A conversation with Bishop Joey Royal of the diocese of the Arctic
By Matt Gardner for Contact
Joey Royal was elected as a suffragan bishop for the diocese of the Arctic on March 28, 2019 and consecrated three days later. He lives in Iqaluit, Nunavut, where he has also served as director and primary instructor at the Arthur Turner Training School since 2016.
A graduate of Providence University College and Theological Seminary in Manitoba, Royal previously served as the rector at Holy Trinity Anglican Church in Yellowknife before relocating to Nunavut. He is a regular contributor to Covenant, the blog of the Living Church Foundation.
Contact spoke with Bishop Royal on Oct. 5, 2020, to learn about new developments in the diocese and upcoming plans. This interview has been edited for brevity.
Q. How are you handling episcopal ministry in the time of COVID-19?
A. Well, it’s strange. I think a lot of people are finding the shakeup that it has brought is strange, and it’s unprecedented, and it’s uncertain. But at a deeper level, I think the call from our Lord hasn’t changed. Jesus still calls us to follow him and to live a life of the Spirit, and, as we can, to be the church. I think the challenge is at the institutional level—how to still gather and keep people safe and how to administrate the diocese in a challenging time.
Some churches are starting to reopen now, but they’re following strict guidelines. It may seem a little over-the-top given we have no cases. The reason we have no cases is because there’s been such a lockdown. People are wearing masks and we’re following government guidelines on capacity, and we’re not doing the Eucharist and we’re keeping tabs on who’s coming in and out and all that. Administratively, it’s quite a shakeup, it definitely is. There’s no question.
Q. What are your current priorities in the diocese of the Arctic?
A. They’re the same, really. They haven’t changed in terms of our basic mission, which is to proclaim Jesus Christ, to make him known. That’s been what we’re doing all the time. Honestly, people use Facebook and each community has a local radio station. Ministry has happened on the radio for years, or online. What has changed is the limitation on gathering together, which is tough. It’s especially tough, I would say, with funerals and so on. But our mission’s the same.
Where it’s difficult is internet is weak in certain communities, phone can be not great, and so the remoteness can mean certain challenges. But they’re challenges that are not new. Trying to communicate across vast distances and cross-culturally and with different languages, these are not new challenges in the church. They’ve been there since Day 1.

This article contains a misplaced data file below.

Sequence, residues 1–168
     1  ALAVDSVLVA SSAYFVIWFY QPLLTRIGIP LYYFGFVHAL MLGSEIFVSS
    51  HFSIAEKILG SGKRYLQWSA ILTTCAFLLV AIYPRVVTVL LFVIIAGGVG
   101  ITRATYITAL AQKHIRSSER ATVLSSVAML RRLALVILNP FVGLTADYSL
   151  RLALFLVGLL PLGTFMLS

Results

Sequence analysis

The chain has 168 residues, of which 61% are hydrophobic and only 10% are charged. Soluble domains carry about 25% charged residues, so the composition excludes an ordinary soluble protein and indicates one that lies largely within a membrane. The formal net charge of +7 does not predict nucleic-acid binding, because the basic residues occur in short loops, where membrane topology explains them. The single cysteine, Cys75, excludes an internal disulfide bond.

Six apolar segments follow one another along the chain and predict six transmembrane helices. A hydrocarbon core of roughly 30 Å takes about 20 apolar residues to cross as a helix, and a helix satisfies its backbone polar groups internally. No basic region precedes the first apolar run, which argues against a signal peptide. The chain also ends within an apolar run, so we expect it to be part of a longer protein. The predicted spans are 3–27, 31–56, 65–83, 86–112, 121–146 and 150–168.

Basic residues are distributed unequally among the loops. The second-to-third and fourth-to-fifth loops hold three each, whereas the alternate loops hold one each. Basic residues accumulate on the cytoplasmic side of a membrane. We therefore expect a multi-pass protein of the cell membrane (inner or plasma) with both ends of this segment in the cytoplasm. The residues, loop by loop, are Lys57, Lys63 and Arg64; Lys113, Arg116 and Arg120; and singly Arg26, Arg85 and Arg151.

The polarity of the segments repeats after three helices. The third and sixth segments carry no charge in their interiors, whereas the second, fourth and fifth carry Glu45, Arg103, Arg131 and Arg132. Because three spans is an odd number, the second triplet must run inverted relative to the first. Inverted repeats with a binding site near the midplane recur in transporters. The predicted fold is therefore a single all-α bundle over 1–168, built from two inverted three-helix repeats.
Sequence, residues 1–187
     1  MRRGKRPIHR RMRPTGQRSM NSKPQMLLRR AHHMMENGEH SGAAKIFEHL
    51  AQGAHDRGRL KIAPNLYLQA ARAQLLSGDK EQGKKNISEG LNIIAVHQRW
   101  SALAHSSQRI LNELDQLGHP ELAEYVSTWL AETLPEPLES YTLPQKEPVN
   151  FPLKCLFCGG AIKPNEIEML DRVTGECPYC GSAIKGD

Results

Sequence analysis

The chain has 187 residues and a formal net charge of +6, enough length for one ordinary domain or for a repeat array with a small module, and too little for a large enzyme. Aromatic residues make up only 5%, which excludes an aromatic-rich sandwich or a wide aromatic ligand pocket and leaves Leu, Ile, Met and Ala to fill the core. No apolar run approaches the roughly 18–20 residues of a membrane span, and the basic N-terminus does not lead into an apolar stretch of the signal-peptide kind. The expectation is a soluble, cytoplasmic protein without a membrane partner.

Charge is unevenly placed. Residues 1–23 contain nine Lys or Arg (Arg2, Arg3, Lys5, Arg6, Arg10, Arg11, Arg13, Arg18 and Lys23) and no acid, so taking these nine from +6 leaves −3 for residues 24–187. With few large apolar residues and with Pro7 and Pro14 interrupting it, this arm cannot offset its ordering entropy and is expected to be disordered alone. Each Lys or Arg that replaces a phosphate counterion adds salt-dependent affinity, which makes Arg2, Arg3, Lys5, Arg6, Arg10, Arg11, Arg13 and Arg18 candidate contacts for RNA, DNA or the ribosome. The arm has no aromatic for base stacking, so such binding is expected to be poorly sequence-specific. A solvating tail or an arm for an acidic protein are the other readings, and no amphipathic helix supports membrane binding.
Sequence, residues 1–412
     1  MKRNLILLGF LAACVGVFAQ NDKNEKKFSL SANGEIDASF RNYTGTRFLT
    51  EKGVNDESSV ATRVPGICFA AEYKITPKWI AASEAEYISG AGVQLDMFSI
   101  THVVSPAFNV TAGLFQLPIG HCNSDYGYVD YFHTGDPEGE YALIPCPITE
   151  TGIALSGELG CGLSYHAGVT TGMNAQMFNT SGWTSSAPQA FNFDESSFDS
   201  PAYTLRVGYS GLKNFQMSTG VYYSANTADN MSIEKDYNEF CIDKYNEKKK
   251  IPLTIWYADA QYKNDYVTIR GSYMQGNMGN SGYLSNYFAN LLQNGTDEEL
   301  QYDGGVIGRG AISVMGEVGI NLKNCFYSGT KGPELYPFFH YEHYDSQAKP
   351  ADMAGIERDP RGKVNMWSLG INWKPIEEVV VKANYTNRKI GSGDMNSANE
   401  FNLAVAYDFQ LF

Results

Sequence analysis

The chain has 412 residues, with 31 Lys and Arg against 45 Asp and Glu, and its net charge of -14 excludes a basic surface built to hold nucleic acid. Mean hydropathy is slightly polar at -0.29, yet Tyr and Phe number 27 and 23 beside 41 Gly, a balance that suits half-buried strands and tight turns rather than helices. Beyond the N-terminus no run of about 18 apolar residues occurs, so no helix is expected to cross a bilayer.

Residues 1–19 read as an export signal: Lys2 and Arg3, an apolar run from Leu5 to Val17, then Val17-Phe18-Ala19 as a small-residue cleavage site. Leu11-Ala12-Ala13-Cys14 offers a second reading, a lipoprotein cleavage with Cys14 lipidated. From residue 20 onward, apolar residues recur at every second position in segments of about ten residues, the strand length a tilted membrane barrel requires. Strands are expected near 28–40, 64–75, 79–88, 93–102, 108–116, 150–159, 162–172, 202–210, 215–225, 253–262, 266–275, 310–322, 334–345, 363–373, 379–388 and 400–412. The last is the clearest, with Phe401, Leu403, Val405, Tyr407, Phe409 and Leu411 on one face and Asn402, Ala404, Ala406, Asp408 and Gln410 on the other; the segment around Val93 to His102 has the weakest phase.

In a sense, we’re in a new situation. In another sense, it seems new because I think we often operate with a very limited sense of history. But the church has lived through pandemics. The church has lived through challenges of various kinds, even more severe challenges than we have now. Although it feels unique to us, and it is in some ways, the church has faced challenges like this and has overcome greater ones than these by the power of God—by the power of God, always.
Q. Have you noticed more people coming out to online worship services than previously attended in-person worship?
A. What I’ve heard a lot from different priests and lay leaders is especially with online ministry, they’re seeing people that have either had no involvement in the church or else had kind of drifted away. They’re seeing people come back.
I’ve heard that also from other bishops across the church. That’s a really interesting thing and quite noteworthy, and I think we’ll be thinking about this for a long time. There are causes for celebration and reasons for encouragement in all this, and I think reaching new people is a good thing.
Q. How are things going at Arthur Turner Training School?
A. Good. We’ve got three students now. The reason there’s less than last [year] is not because less people applied, it’s because we still struggle to secure housing. But we have three, and because it’s a small enough [group], we can do so with proper social distancing measures and all that.
It’s going well. I’m really encouraged, and I’m really encouraged by what the graduates in the last class have done. One of the students is now down at Wycliffe College in Toronto. The others are doing really great ministry across the Arctic and are ordained.
The three now I think will be a wonderful addition to the diocese. All the students are Inuit who are bilingual. They all speak English and Inuktitut, and it’s been wonderful just to see them go out and make the impacts they’re making.
Q. Anything else you’d like Anglicans to know about the diocese of Arctic?
A. Even though we are geographically remote, all who claim the name of Christ are one, so I just want the people in the south to be assured of my prayers. I would value their prayers as well, and I do hope that whatever comes out of this that we will be drawn into deeper union with our Lord and also deeper unity with one another in the name of Christ.
I think the question is, what is God doing through this? That’s always, I think, the question to ask. What is God doing in and through this?
Interested in keeping up-to-date on news, opinion, events and resources from the Anglican Church of Canada? Sign up for our email alerts .